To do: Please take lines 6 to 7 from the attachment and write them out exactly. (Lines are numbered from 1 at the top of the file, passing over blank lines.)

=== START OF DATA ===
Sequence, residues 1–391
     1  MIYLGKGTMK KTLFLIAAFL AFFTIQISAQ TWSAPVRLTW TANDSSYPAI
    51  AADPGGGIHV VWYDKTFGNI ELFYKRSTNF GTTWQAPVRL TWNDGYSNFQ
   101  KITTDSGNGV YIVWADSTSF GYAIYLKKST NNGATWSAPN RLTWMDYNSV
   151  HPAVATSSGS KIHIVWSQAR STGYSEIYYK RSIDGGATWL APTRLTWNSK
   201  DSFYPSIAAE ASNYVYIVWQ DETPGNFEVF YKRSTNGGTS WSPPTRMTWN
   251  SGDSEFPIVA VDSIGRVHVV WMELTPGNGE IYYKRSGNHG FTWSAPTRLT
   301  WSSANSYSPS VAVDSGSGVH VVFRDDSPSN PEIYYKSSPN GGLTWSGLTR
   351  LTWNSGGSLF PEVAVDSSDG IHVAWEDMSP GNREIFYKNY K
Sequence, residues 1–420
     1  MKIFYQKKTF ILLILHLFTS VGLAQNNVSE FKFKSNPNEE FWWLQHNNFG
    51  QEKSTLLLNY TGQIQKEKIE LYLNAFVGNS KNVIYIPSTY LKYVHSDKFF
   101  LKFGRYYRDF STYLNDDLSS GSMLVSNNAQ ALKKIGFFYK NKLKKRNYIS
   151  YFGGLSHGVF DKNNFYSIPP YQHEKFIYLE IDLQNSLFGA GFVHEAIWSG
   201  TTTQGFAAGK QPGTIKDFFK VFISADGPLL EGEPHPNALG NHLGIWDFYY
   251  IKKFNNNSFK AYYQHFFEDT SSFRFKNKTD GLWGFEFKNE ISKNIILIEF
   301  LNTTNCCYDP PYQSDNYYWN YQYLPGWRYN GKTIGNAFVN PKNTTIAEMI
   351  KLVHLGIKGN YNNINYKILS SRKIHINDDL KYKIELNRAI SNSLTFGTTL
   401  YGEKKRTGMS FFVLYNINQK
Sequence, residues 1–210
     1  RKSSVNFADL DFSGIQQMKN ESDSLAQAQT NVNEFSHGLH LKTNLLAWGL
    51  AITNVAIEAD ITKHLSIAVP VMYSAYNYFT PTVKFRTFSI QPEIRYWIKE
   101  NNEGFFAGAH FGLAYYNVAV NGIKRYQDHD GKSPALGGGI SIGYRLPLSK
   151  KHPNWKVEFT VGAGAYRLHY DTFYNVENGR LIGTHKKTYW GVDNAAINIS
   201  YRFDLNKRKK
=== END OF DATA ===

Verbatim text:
   201  DSFYPSIAAE ASNYVYIVWQ DETPGNFEVF YKRSTNGGTS WSPPTRMTWN
   251  SGDSEFPIVA VDSIGRVHVV WMELTPGNGE IYYKRSGNHG FTWSAPTRLT